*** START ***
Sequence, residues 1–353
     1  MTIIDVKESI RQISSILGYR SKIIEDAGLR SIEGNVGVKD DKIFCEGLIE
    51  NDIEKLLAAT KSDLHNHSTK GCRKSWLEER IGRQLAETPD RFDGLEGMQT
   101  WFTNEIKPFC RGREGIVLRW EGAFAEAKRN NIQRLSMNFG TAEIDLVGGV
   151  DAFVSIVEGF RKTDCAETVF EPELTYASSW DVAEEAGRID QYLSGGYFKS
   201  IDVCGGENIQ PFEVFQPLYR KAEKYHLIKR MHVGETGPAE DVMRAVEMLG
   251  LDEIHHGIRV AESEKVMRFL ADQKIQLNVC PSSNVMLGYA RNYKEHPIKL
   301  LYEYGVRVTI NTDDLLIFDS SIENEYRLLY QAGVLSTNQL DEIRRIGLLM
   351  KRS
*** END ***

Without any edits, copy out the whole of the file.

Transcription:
Sequence, residues 1–353
     1  MTIIDVKESI RQISSILGYR SKIIEDAGLR SIEGNVGVKD DKIFCEGLIE
    51  NDIEKLLAAT KSDLHNHSTK GCRKSWLEER IGRQLAETPD RFDGLEGMQT
   101  WFTNEIKPFC RGREGIVLRW EGAFAEAKRN NIQRLSMNFG TAEIDLVGGV
   151  DAFVSIVEGF RKTDCAETVF EPELTYASSW DVAEEAGRID QYLSGGYFKS
   201  IDVCGGENIQ PFEVFQPLYR KAEKYHLIKR MHVGETGPAE DVMRAVEMLG
   251  LDEIHHGIRV AESEKVMRFL ADQKIQLNVC PSSNVMLGYA RNYKEHPIKL
   301  LYEYGVRVTI NTDDLLIFDS SIENEYRLLY QAGVLSTNQL DEIRRIGLLM
   351  KRS